Tracking whitetail deer is an art form, and the more knowledge you possess, the better your chances of a successful recovery. Knowing how to understand body language and read the signs of a blood trail can help you track deer.
Mature whitetail deer need a safe space where they can feel at ease to feed during the hunting season. Getting close to them is more accessible in a vehicle, such as a quad bike or gator, than on foot. If you can ride out to your blind or tree stand, you’re less likely to tip off the deer to your presence and scare them away. Maintaining silence and controlling your scene is also vital in keeping mature whitetail deer in the area you plan to hunt.
Understanding Body Language
Deer body language is essential in assessing whether the deer has been hit and where it might’ve been hit. If a deer is still moving after an initial hit, you should reload and continue to shoot. If the deer runs off where you cannot safely fire another shot or arrow, it is critical to pay attention to where the deer is traveling; knowing which path the deer is starting down means that even without a blood trail, you have a sense of where to search to make a recovery.
If a deer runs off with his tail tucked, this indicates that your shot has hit in a good location. It will often jump and kick out its legs if it’s hit. When a deer hunches up after it's been shot, this signifies a gutshot. In this case, pay attention to where it runs, and then wait around 20 to 30 minutes before going out to recover your kill.
If you’re hunting with a rifle and you notice the deer’s leg lock up after a shot, this suggests that you’ve hit a shoulder. If you see a whitetail deer run off with its tail still up, this is a sign that you have most likely missed your target and should not go out to recover that deer. Understanding the whitetail deer’s body language is critical to the tracking process and can help you follow the blood trail successfully.
Following a Blood Trail
The type of blood on a blood trail is indicative of the state of the deer. If the blood is pink and frothy or bubbly, you’ve likely completed a double lung shot, and it’s safe to go out and collect the deer.
A heart shot with a bullet brings the deer down instantly in the most humane way, but you’ll want to aim to miss the shoulder and ribs when hunting with a bow. If you can avoid hitting these two areas, the arrow should travel clean through the deer. Hitting the shoulder or ribs slows down the arrow and might prevent it from making a kill shot.
While tracking a whitetail deer during bow hunting season, part of the tracking process can involve looking for the arrow. If the arrow has gone clean through the deer, indicating a more deadly hit, you’ll find it on the ground or lodged in the earth. If the arrow has blood on it, indicating it’s passed through the deer, you can check to see if the blood has the pink, bubbly quality due to a lung shot.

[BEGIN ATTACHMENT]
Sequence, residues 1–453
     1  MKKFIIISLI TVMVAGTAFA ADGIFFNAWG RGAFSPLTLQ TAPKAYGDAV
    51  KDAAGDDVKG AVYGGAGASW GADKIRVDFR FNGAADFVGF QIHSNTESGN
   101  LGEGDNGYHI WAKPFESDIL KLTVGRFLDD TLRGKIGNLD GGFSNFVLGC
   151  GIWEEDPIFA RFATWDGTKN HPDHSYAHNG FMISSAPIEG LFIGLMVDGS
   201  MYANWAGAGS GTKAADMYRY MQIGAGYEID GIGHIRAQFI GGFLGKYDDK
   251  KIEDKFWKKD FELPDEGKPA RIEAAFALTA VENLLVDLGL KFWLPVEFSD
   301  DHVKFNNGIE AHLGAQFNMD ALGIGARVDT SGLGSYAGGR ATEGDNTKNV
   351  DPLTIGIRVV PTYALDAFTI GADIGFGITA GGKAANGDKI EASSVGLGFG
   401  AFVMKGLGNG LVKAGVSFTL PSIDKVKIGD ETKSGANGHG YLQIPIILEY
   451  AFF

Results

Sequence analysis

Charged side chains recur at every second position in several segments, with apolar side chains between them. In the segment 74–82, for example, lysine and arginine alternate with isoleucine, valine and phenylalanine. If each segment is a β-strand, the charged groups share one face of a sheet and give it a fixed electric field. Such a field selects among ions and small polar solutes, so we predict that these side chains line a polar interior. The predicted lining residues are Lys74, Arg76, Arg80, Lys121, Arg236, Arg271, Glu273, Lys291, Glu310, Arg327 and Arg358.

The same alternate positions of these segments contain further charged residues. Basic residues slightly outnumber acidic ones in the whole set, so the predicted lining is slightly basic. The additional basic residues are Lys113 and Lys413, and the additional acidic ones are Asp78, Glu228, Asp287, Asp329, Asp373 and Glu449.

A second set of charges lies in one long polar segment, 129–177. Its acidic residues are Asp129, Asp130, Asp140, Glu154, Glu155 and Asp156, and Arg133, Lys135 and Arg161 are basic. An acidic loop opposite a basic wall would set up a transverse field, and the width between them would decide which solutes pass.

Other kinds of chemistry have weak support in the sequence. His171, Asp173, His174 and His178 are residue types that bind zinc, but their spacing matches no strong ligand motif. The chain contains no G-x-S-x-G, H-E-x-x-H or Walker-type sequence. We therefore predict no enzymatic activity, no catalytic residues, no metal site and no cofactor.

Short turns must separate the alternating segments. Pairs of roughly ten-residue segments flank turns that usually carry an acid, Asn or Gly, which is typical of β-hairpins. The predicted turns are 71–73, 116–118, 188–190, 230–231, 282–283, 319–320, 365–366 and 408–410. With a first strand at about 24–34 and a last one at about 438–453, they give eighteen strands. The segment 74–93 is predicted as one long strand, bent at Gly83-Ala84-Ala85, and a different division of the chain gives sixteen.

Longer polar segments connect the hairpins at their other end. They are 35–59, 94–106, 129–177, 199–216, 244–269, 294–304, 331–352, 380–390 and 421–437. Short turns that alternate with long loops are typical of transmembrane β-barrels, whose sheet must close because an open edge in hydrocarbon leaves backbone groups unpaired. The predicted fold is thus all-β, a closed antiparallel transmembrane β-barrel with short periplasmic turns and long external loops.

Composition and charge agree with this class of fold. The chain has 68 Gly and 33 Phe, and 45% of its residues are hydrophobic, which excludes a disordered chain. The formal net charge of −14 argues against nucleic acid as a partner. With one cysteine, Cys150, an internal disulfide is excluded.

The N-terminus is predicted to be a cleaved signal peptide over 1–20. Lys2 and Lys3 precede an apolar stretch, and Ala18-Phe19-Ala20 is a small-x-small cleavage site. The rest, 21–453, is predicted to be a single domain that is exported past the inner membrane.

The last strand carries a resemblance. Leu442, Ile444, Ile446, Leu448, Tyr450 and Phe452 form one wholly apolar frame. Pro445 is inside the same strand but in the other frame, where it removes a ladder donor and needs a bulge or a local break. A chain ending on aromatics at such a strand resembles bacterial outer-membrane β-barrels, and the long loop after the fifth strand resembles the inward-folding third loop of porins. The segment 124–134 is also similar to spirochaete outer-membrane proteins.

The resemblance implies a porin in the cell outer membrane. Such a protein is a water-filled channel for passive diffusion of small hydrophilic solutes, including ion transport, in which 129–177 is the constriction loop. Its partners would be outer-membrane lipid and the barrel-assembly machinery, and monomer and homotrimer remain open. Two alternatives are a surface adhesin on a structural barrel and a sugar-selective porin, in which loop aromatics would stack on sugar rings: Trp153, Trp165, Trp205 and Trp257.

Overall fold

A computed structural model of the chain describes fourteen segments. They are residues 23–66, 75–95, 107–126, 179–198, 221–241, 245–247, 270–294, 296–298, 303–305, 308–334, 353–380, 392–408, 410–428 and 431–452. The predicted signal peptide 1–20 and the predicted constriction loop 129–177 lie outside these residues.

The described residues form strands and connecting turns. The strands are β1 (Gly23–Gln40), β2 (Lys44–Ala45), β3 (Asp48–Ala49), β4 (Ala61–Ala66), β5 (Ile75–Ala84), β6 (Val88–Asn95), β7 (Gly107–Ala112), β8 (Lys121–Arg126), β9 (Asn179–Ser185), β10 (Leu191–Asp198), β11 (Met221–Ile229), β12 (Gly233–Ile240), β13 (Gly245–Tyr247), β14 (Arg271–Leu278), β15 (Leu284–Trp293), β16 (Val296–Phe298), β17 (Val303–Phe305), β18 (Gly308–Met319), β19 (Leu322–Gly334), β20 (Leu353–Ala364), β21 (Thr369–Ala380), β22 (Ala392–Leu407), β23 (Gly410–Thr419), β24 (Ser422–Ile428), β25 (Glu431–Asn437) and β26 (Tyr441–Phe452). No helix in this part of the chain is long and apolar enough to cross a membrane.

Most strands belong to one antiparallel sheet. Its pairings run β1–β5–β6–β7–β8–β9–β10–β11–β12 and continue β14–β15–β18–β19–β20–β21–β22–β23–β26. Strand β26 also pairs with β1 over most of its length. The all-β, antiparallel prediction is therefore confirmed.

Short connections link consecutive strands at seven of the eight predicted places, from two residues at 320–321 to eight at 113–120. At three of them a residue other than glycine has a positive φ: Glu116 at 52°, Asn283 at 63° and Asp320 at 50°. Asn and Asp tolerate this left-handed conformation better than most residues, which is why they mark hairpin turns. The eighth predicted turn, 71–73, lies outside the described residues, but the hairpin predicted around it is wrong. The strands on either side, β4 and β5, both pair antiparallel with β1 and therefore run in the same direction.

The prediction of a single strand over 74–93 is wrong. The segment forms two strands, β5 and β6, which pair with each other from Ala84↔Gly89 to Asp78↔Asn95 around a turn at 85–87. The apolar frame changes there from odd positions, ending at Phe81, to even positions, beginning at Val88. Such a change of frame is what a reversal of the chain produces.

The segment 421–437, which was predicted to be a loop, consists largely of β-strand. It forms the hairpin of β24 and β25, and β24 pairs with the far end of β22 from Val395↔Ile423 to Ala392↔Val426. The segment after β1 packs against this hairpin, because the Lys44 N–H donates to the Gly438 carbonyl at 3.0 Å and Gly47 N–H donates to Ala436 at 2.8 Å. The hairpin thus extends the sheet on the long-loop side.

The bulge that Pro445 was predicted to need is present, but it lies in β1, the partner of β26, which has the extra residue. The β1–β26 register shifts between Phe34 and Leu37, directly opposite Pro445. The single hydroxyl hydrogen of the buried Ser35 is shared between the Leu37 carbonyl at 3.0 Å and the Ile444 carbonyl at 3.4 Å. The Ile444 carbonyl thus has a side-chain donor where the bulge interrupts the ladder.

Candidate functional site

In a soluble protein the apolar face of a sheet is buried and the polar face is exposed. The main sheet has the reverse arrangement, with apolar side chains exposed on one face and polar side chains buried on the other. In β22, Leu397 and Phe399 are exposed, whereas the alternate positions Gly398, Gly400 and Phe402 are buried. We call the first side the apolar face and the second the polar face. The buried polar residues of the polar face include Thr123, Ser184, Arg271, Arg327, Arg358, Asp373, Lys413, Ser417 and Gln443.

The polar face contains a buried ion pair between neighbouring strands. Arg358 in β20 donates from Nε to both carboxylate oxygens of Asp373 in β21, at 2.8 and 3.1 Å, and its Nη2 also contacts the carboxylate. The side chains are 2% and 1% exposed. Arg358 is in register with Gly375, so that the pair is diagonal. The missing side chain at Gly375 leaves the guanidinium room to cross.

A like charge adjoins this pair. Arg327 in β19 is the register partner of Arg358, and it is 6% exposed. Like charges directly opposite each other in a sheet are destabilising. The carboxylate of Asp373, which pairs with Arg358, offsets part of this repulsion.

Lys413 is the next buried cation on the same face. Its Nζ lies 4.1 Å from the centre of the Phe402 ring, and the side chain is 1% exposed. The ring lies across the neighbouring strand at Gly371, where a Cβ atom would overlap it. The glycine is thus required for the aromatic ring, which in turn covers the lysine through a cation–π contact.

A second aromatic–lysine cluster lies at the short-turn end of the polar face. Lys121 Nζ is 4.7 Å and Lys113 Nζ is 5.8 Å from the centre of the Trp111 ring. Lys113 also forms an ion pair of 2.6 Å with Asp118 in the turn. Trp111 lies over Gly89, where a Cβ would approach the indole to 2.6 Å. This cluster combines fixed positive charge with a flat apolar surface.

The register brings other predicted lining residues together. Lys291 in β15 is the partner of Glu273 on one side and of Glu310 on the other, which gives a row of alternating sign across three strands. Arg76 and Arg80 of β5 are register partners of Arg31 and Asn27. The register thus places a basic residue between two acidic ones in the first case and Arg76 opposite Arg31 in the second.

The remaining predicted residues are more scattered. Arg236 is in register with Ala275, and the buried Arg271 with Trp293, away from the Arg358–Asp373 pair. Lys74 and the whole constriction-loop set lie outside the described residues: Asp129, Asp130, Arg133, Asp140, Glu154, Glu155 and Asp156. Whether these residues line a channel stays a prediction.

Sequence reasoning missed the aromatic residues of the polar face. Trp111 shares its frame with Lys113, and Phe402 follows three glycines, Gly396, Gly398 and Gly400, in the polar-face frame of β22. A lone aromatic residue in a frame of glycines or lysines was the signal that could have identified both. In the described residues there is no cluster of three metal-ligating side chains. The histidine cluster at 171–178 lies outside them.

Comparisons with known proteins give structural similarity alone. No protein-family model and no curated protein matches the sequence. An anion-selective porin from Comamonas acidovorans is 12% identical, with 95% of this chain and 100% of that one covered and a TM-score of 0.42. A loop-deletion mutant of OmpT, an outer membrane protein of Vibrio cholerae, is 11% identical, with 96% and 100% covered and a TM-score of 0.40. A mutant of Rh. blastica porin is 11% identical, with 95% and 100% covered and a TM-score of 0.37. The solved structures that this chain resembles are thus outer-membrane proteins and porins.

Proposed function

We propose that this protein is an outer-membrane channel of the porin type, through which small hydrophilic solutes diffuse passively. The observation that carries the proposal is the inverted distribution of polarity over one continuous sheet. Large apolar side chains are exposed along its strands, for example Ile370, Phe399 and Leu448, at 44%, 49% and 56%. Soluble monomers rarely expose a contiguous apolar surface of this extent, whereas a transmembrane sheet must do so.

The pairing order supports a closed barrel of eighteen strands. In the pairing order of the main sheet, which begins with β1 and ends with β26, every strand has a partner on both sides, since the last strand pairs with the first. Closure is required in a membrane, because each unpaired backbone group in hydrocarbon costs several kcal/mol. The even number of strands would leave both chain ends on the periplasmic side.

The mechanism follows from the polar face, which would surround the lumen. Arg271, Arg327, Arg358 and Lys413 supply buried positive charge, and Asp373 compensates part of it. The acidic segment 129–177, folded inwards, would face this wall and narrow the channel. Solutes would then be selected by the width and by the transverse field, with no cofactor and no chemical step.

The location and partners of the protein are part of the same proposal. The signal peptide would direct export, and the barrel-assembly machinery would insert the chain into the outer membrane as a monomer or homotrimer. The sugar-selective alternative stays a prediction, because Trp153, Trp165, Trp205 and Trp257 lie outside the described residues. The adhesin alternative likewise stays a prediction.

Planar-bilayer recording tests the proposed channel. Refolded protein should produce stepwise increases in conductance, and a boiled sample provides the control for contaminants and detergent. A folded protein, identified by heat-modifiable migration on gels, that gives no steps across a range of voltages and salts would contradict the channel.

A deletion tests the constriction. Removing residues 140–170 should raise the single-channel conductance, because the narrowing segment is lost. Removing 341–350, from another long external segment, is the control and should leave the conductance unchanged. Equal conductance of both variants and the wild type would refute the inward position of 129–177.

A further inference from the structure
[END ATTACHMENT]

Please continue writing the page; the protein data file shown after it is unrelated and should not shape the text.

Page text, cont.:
Grid Search the Area
If you’re unable to locate the deer following the blood trail, you will need to try a grid recovery search, in which you travel in a straight line in a grid pattern methodically to scour an area for the body.
Understanding the terrain’s topography is crucial when mapping the grid search area. Wounded deer are more likely to head for the cover of low ground or water sources, rather than higher terrain.
Depending on your hunting ground, you may need to enlist your hunting party’s help to grid search your deer. Assign quadrants to each member of your party, and alert neighboring property owners if you suspect your deer has traveled farther than anticipated.
How Long to Wait Before Recovery
Depending on whether you think you’ve completed a double lung shot, you may need to wait for a significant period before going out to recover your deer. In a situation where you have only hit one lung, the deer can continue living for a long time.
When this happens, waiting for a couple of hours gives the deer more time to expire and allows that hunting area to remain viable for you or others. Once you start the recovery process and move into that territory, other deer will move away, lowering the chance of another kill. When going out to recover a deer, ensure that all others hunting in the vicinity with you are aware and that their weapons are not loaded.
While the tracking process can sometimes be long and tiring, it is the hunter’s ethical obligation to recover the deer. This holds regardless of how long it takes. If you determine there is no blood trail or your arrow is found clean (during bow hunting season), a judgment call needs to be made if it appears the deer was never actually hit.
Tracking whitetail deer requires skill, determination, and persistence. You must be hyper-focused during the hunt to read and understand the deer’s body language signals sent to you. Once you come to know how the deer’s movements correlate to where you’ve hit it, you can become more adept at recovering your kill and knowing how long to wait before doing so.
Paying attention to where the deer goes immediately after you hit it also helps speed up the recovery process by narrowing down the area you have to search.
Communicate well with others you are hunting with to go through the tracking process together and avoid hunting in the same vicinity someone else is tracking in for safety reasons.